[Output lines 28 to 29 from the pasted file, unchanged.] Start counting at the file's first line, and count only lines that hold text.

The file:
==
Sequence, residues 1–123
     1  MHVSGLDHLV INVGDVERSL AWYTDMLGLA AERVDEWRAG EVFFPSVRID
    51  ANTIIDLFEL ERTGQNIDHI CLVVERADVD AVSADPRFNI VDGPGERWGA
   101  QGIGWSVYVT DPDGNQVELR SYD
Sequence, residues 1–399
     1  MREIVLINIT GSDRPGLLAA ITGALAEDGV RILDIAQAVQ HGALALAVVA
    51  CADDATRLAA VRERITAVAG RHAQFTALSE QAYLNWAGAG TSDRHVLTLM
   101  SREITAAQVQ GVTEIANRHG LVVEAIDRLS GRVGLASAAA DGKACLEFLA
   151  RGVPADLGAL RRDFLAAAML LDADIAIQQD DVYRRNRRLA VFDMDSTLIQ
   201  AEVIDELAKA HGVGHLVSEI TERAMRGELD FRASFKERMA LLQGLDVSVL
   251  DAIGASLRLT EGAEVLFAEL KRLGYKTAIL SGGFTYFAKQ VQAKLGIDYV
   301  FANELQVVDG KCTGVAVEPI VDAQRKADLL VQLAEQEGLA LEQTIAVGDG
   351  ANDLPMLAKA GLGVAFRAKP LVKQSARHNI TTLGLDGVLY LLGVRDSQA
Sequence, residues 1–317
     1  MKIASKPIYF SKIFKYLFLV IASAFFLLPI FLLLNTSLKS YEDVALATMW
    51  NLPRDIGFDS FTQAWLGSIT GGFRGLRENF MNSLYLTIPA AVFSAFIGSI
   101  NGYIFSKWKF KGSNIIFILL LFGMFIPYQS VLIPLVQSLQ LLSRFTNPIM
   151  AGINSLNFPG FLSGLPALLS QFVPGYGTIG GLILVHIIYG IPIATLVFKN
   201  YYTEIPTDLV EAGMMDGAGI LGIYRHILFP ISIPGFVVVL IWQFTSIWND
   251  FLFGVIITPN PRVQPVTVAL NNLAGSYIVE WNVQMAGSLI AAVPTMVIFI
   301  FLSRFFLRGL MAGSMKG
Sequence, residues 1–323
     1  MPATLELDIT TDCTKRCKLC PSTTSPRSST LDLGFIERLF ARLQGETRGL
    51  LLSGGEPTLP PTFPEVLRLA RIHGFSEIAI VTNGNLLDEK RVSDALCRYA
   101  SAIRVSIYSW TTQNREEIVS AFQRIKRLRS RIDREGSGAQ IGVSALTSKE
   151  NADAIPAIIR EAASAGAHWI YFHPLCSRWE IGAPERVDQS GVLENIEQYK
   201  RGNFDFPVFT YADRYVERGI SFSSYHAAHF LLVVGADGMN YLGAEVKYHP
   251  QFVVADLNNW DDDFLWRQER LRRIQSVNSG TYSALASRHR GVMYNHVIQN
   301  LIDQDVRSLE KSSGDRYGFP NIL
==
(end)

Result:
   251  QFVVADLNNW DDDFLWRQER LRRIQSVNSG TYSALASRHR GVMYNHVIQN
   301  LIDQDVRSLE KSSGDRYGFP NIL